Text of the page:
skip to main content
DOE PAGES title logo U.S. Department of Energy
Office of Scientific and Technical Information

Title: Effects of long-term climate change on global building energy expenditures

Abstract

Our paper explores potential future implications of climate change on building energy expenditures around the globe. Increasing expenditures result from increased electricity use for cooling, and are offset to varying degrees, depending on the region, by decreased energy consumption for heating. WE conducted an analysis using a model of the global buildings sector within the GCAM integrated assessment model. The integrated assessment framework is valuable because it represents socioeconomic and energy system changes that will be important for understanding building energy expenditures in the future. Results indicate that changes in net expenditures are not uniform across the globe. Net expenditures decrease in some regions, such as Canada and Russia, where heating demands currently dominate, and increase the most in areas with less demand for space heating and greater demand for space cooling. We explain these results in terms of the basic drivers that link building energy expenditures to regional climate.

Authors:
; ; ; ; ; ; ; ;
Publication Date:
Research Org.:
Pacific Northwest National Lab. (PNNL), Richland, WA (United States)
Sponsoring Org.:
USDOE
OSTI Identifier:
1437794
Alternate Identifier(s):
OSTI ID: 1416965
Grant/Contract Number:  
AC05-76RL01830
Resource Type:
Published Article
Journal Name:
Energy Economics
Additional Journal Information:
Journal Name: Energy Economics Journal Volume: 72 Journal Issue: C; Journal ID: ISSN 0140-9883
Publisher:
Elsevier
Country of Publication:
United Kingdom
Language:
English
Subject:
54 ENVIRONMENTAL SCIENCES; climate change impacts; integrated assessment; buildings energy demand

Citation Formats

Clarke, Leon, Eom, Jiyong, Marten, Elke Hodson, Horowitz, Russell, Kyle, Page, Link, Robert, Mignone, Bryan K., Mundra, Anupriya, and Zhou, Yuyu. Effects of long-term climate change on global building energy expenditures. United Kingdom: N. p., 2018. Web. https://doi.org/10.1016/j.eneco.2018.01.003.
Clarke, Leon, Eom, Jiyong, Marten, Elke Hodson, Horowitz, Russell, Kyle, Page, Link, Robert, Mignone, Bryan K., Mundra, Anupriya, & Zhou, Yuyu. Effects of long-term climate change on global building energy expenditures. United Kingdom. https://doi.org/10.1016/j.eneco.2018.01.003
Clarke, Leon, Eom, Jiyong, Marten, Elke Hodson, Horowitz, Russell, Kyle, Page, Link, Robert, Mignone, Bryan K., Mundra, Anupriya, and Zhou, Yuyu. Tue . "Effects of long-term climate change on global building energy expenditures". United Kingdom. https://doi.org/10.1016/j.eneco.2018.01.003.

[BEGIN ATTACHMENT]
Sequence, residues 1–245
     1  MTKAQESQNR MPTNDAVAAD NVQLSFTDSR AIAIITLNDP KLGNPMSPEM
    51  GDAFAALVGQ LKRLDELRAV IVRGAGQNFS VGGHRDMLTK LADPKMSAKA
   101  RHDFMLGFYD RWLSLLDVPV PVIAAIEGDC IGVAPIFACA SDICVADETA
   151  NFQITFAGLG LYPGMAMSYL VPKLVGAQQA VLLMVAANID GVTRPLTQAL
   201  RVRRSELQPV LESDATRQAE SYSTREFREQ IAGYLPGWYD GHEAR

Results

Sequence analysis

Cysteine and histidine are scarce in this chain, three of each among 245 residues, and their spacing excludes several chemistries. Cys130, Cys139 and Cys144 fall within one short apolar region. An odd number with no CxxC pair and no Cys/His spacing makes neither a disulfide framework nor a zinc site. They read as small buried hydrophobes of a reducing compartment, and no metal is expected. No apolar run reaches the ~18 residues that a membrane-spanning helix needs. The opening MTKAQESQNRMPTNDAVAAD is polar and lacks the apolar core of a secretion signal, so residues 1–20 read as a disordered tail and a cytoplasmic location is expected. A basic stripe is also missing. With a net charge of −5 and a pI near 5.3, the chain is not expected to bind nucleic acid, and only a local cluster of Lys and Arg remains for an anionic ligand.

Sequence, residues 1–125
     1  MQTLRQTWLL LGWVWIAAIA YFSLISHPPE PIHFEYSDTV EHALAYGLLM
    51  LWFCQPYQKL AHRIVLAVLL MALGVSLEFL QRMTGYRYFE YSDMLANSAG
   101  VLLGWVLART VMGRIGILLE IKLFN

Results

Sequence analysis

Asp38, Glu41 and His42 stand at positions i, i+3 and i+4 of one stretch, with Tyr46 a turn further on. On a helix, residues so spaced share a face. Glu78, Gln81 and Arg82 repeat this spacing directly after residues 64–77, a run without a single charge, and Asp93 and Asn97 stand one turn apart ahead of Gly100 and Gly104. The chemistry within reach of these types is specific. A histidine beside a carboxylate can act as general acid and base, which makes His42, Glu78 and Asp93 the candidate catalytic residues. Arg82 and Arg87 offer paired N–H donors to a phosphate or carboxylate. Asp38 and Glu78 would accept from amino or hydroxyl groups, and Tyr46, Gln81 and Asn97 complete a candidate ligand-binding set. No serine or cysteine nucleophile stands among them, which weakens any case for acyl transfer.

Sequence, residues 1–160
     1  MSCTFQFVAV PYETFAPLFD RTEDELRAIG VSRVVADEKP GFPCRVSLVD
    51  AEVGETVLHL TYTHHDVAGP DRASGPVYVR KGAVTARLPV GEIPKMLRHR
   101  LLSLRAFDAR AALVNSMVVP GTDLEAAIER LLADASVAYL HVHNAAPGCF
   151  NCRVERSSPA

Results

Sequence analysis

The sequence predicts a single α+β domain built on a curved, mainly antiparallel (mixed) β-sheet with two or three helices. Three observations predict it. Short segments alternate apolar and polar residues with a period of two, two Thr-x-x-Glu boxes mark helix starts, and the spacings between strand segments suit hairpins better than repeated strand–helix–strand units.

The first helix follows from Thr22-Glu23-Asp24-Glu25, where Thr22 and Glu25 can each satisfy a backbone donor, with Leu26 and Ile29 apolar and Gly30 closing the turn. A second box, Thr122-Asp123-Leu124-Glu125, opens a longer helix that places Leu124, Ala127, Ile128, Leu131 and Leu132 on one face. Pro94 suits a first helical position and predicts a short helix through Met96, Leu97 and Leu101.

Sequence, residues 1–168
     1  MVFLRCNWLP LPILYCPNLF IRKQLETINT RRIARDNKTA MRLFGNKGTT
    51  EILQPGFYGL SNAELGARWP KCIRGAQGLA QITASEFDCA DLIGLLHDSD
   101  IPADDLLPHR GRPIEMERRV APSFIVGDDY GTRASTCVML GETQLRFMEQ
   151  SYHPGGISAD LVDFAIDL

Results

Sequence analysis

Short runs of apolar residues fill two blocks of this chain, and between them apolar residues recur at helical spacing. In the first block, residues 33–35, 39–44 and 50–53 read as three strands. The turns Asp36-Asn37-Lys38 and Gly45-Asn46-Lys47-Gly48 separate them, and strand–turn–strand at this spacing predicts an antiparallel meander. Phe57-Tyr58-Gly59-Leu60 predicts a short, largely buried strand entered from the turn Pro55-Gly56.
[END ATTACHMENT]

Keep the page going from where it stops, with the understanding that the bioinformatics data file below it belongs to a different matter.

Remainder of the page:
@article{osti_1437794,
title = {Effects of long-term climate change on global building energy expenditures},
author = {Clarke, Leon and Eom, Jiyong and Marten, Elke Hodson and Horowitz, Russell and Kyle, Page and Link, Robert and Mignone, Bryan K. and Mundra, Anupriya and Zhou, Yuyu},
abstractNote = {Our paper explores potential future implications of climate change on building energy expenditures around the globe. Increasing expenditures result from increased electricity use for cooling, and are offset to varying degrees, depending on the region, by decreased energy consumption for heating. WE conducted an analysis using a model of the global buildings sector within the GCAM integrated assessment model. The integrated assessment framework is valuable because it represents socioeconomic and energy system changes that will be important for understanding building energy expenditures in the future. Results indicate that changes in net expenditures are not uniform across the globe. Net expenditures decrease in some regions, such as Canada and Russia, where heating demands currently dominate, and increase the most in areas with less demand for space heating and greater demand for space cooling. We explain these results in terms of the basic drivers that link building energy expenditures to regional climate.},
doi = {10.1016/j.eneco.2018.01.003},
journal = {Energy Economics},
number = C,
volume = 72,
place = {United Kingdom},
year = {2018},
month = {5}
}

Journal Article:
Free Publicly Available Full Text
Publisher's Version of Record
https://doi.org/10.1016/j.eneco.2018.01.003

Figures / Tables:

Figure 1 Figure 1: The Structure of Energy Demand and Supply in the Buildings Energy Model used for all GCAM regions

Save / Share:

Works referencing / citing this record:

Seasonal effects of climate change on intra-day electricity demand patterns
journal, March 2019

  • Ralston Fonseca, Francisco; Jaramillo, Paulina; Bergés, Mario
  • Climatic Change, Vol. 154, Issue 3-4
  • DOI: 10.1007/s10584-019-02413-w

GCAM v5.1: representing the linkages between energy, water, land, climate, and economic systems
journal, January 2019

  • Calvin, Katherine; Patel, Pralit; Clarke, Leon
  • Geoscientific Model Development, Vol. 12, Issue 2
  • DOI: 10.5194/gmd-12-677-2019

Seasonal effects of climate change on intra-day electricity demand patterns
journal, March 2019

  • Ralston Fonseca, Francisco; Jaramillo, Paulina; Bergés, Mario
  • Climatic Change, Vol. 154, Issue 3-4
  • DOI: 10.1007/s10584-019-02413-w

GCAM v5.1: representing the linkages between energy, water, land, climate, and economic systems
journal, January 2019

  • Calvin, Katherine; Patel, Pralit; Clarke, Leon
  • Geoscientific Model Development, Vol. 12, Issue 2
  • DOI: 10.5194/gmd-12-677-2019

Decomposing supply-side and demand-side impacts of climate change on the US electricity system through 2050
journal, January 2020


Humans drive future water scarcity changes across all Shared Socioeconomic Pathways
journal, January 2020

  • Graham, Neal T.; Hejazi, Mohamad I.; Chen, Min
  • Environmental Research Letters, Vol. 15, Issue 1
  • DOI: 10.1088/1748-9326/ab639b